Antidiarrheal medications are prescribed often to control diarrhea caused by Crohn's disease, ulcerative colitis and pouchitis. As a general rule, people with these illnesses should aim for a modest reduction in the number of stools passed, rather than a total elimination of the problem. Overuse of antidiarrheal drugs, for more than 2 or 3 days at a time may lead to serious complications and should only be used under the guidance of a physician or an IBD specialist.
Loperamide (Imodium®) and Diphenoxylate (Lomotil®)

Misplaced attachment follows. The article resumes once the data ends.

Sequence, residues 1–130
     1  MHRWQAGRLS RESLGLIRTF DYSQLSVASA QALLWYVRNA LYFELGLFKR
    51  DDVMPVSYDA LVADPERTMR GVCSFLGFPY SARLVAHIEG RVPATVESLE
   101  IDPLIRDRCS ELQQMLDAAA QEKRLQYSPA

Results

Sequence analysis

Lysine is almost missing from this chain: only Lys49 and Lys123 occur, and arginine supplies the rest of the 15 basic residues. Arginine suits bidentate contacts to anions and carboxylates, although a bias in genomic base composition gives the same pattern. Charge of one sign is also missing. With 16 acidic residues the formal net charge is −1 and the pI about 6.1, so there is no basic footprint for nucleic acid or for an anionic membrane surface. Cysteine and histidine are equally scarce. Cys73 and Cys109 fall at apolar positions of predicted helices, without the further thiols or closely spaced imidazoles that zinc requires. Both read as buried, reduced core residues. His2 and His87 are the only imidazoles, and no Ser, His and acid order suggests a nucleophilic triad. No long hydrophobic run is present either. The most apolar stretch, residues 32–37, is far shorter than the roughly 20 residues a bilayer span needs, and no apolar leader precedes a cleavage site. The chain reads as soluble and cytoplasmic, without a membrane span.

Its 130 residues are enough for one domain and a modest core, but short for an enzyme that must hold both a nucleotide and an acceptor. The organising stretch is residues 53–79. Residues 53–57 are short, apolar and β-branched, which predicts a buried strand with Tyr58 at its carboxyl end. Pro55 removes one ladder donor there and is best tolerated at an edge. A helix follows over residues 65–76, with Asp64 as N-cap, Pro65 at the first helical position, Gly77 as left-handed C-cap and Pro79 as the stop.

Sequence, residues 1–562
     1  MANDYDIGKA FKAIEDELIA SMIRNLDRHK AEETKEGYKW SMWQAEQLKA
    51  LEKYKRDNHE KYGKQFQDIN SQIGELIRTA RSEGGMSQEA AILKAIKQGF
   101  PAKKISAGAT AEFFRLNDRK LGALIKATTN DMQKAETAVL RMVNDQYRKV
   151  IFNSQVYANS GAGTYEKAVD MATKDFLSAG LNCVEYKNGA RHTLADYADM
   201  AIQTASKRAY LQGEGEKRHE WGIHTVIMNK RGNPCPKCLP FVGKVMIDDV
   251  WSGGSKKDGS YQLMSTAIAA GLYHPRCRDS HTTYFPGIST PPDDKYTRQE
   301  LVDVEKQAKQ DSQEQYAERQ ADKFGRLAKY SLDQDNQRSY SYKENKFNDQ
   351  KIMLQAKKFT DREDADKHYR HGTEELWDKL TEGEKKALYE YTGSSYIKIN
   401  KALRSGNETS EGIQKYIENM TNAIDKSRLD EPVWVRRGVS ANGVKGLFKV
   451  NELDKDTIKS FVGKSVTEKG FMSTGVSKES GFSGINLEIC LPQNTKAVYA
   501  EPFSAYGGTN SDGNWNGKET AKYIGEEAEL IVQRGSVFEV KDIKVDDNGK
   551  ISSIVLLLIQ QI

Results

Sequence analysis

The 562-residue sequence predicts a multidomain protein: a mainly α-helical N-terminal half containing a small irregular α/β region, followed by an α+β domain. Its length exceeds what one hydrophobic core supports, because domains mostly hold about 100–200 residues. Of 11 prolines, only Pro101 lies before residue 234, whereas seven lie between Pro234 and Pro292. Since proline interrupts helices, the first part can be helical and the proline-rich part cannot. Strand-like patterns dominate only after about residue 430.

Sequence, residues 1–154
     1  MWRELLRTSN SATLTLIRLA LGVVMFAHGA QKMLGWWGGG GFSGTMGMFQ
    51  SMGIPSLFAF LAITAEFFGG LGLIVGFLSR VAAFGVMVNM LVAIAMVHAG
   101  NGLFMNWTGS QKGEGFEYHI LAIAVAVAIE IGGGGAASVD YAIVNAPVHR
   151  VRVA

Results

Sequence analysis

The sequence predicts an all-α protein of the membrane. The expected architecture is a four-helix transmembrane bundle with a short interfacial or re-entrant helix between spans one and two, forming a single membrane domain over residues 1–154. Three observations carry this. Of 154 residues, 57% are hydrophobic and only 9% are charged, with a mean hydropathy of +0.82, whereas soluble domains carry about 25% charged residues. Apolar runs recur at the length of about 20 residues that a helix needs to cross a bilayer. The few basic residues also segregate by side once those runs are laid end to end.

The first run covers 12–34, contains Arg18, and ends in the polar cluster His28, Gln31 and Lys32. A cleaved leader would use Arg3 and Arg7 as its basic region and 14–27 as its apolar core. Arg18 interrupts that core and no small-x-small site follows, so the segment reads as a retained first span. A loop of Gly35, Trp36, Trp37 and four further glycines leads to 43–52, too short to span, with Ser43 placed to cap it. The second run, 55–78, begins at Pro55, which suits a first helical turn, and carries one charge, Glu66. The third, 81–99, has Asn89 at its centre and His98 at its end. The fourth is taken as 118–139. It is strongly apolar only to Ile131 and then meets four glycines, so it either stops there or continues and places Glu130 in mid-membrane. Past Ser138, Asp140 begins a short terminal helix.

These drugs reduce diarrhea by slowing the rate at which food is propelled through the intestine, allowing more time for bacteria to break down undigested fats and fibre and allowing more time for absorption of fluid and electrolytes. Loperamide also tightens the anal sphincter and helps prevent incontinence. Since these drugs on occasion can paralyse the colonic muscles and lead to serious complications, they should not be used for severe ulcerative colitis and Crohn's disease in the acute situation.
Possible side effects:
* when opioid analgesics such as codeine are used to slow down watery bowel movements